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A new commentary every Wednesday - February 15, 2017

White House Press Secretary Sean Spicer   

    I chose to present a critique of the current spokesperson for the Tweeter in Chief for several reasons, the greatest of which is due to the fact that most of the presidential press secretaries seem to have a public life that is somewhat shorter than that of a mayfly. One day there is this person who seems to have the ear of the President, and with it, imprimatur from the oval office that they are providing the absolute truth to us through the press; a report to the public about the most vital things that has happened in the oval office in recent hours—and then they often disappear forever.   

    The presidential press secretaries respond to questions with such impressive, firm confidence, we can almost hear the chief executive speaking to us. They cut the exercise short whenever they please, always leaving the audience of reporters somewhat dissatisfied—judging from the questions called out to them even while the spokesperson is ducking out the door.

    Please don't ask Mr. Spicer for particulars about Trump inner circle advisor Kellyanne Conway's "consultation" following an unanticipated presumed impromptu "freebie" commercial she gave for Ivanka's fashion line during an interview on Fox News a week ago. 

    The only White House Secretary I remember well is Ron Ziegler, who so angered Nixon that the then President came from behind Ziegler and shoved him so forcefully from the podium that I feared that Ron would suffer a Z-shaped spine.   

    Most White House Press Secretaries are adept in turning substantive questions into quips, thereby disarming the members of the Press. However President Trump reverses the field without forewarning on so many controversial items, it leaves his corps of supporters flailing.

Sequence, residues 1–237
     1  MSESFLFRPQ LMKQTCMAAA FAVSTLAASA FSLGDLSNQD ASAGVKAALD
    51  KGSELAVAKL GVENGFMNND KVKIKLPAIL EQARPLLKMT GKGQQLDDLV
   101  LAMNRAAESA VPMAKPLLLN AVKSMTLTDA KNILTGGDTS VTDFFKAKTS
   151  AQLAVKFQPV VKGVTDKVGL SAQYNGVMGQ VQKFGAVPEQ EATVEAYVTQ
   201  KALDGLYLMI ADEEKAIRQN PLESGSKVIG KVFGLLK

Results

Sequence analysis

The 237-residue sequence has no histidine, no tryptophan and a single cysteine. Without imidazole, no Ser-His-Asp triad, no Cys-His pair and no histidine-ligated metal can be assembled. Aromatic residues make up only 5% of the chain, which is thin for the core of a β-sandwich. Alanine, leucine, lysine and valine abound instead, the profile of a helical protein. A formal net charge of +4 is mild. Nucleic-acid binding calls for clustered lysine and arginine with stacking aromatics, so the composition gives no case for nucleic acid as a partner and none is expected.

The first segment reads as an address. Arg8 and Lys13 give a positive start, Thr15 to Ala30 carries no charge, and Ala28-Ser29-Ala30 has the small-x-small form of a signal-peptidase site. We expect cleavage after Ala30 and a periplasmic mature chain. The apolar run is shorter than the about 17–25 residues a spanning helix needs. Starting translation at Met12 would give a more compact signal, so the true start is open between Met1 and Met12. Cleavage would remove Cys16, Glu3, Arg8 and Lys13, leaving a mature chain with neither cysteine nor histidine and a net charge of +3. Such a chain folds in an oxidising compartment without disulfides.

Since so many in the press corps have so many nice, off the records things to say about Mr. Spicer, I worry that one of the veins in his forehead is going to hemorrhage one day, when he is left to twist in the wind. A week ago, it was reported by several media sources that more than one Senator had repeated a response reportedly made to them by Supreme Court nominee Neil Gorsuch. The Judge was supposedly asked by at least three members of the Senate as to his feelings regarding President Trump's response to the unanimous ruling of the three-judge panel of the Ninth Circuit Court overturning Trump's executive order banning entry of Muslims from certain countries.

    Not until Sunday did I hear Senator Chuck Schumer (Democrat, NY), verify that Justice Gorsuch used the adjectives, "disappointing" and "discouraging," when asked his opinion of the President's demeaning tweets. We're sure to hear more when Justice Gorsach appears before the full committee in confirmation proceedings. (I tend to be a skeptic until I hear the version of the exchange between he and the Senators from the judge, himself.)

    Nevertheless, in his garbled double-speak response, Spicer did a terrible job of trying to qualify who said what, and for what reason, despite repeated questions from several members of the press corps seeking clarification of the position taken on the matter of the remarks attributed to the Supreme Court nominee by the White House.

    Of course, Spicer's position depends on how well he can defend the President, while placating the Press.

    Spicer, unlike Ziegler, will live forever in the annals of Saturday Night Live due to hilarious takeoffs on him done recently by comedian Melissa McCarthy. Two went viral so quickly, that I'm afraid there will be more, That is, if Mr. Spicer keeps his post.


-Phil Richardson, Observer of the human condition and storyteller. "He goes doddering on into his old age, making a public nuisance of himself." - Joseph L. Mencken


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